Spreading the Reading Virus
When we go out on our after-dinner walks (sometimes), my daughter likes pointing out – “Mama, see the moon is walking with us” , and then my son asks,”Why is the moon not staying at one place, how can it be moving with every person who is walking?” These questions amuse me. I think all children have these basic questions in their minds and try to find the logical answers which their innocent minds best understand.
In these books, an inquisitive little boy asks his elder sister many questions and the sister encourages him to think first what could be the reason of these things happening a certain way? He tries to think of all possible reasons from his understanding of the world, which is mainly based on the stories he must have heard from here and there.
Sister, Sister Where Does The Sun Go At Night? His imagination makes him see the similarity between his father and the sun. Probably the big sun gets tired by the end of the day as all fathers do and goes to bed where his wife covers him with a heavy stars studded blanket so that his snoring doesn’t disturb anybody. (My children think a blanket with these specifications might do the trick to keep their father’s snoring a little less audible too.) But if this is not the correct reason then maybe the sun slides down in the ocean, but what will the sun do under the sea?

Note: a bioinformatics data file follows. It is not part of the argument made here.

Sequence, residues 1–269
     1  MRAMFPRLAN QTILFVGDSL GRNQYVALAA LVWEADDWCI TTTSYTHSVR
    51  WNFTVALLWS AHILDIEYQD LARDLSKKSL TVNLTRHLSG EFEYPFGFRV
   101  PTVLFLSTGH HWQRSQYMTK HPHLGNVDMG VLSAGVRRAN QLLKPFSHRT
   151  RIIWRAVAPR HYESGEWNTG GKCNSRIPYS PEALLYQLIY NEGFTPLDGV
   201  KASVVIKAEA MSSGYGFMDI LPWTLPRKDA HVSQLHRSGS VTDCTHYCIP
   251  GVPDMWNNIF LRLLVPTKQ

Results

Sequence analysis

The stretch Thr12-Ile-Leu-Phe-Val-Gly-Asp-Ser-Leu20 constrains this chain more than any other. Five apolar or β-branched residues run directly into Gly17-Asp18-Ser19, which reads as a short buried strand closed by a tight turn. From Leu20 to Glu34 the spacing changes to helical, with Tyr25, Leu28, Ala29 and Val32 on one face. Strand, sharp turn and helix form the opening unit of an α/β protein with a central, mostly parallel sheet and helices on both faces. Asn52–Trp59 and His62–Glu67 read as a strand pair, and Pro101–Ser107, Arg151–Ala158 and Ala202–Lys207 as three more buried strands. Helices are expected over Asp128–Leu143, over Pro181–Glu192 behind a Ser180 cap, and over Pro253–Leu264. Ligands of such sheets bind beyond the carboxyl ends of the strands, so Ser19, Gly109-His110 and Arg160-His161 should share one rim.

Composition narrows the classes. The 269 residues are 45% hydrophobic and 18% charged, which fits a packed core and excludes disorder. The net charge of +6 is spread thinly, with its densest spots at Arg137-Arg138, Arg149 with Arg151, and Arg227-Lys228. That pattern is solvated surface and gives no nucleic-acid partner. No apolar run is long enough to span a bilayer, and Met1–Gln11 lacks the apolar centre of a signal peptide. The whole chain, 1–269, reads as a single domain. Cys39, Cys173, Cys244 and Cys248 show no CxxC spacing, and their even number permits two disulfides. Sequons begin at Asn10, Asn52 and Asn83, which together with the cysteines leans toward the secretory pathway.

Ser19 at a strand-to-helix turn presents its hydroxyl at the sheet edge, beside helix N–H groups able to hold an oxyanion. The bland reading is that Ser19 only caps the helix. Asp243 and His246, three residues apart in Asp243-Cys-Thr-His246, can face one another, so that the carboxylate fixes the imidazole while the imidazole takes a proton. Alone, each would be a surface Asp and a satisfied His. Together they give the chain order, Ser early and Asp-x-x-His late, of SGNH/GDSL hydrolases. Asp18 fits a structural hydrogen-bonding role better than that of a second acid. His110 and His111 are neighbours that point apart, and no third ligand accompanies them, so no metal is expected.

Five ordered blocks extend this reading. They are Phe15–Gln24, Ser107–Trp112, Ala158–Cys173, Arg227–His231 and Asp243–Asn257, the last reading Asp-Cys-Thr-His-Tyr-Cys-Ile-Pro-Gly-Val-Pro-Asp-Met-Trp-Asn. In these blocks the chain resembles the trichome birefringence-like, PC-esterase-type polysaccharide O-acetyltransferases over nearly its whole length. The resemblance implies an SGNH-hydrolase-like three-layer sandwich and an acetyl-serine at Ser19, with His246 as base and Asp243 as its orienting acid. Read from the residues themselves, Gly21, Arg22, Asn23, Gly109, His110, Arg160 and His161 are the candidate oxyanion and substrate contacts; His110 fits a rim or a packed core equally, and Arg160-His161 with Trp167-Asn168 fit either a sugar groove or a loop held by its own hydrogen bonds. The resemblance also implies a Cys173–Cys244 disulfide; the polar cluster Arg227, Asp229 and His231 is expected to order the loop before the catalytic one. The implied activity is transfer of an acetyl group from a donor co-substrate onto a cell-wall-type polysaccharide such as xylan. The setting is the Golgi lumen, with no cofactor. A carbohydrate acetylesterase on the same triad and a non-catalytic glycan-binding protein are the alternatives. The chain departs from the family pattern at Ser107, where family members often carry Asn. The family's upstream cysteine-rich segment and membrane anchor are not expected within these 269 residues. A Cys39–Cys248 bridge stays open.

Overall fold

After he has explored all possible flights of his imagination, his sister does tell him whatever she has read in the books, trying to explain the physical phenomena – scattering of light, rotation of earth, gravity and thundering, in a simple way.
While reading these books to my children, I found it a good time to ask them what do they think. A great opportunity to peep into their minds, and to accompany them in their pursuit of finding answers to such queries. While teaching them the routine stuff, we tend to overlook the significance of free flow of thoughts, not bothering about the correctness of the same that much.
On the last page there are simple experiments explained to show the phenomena.
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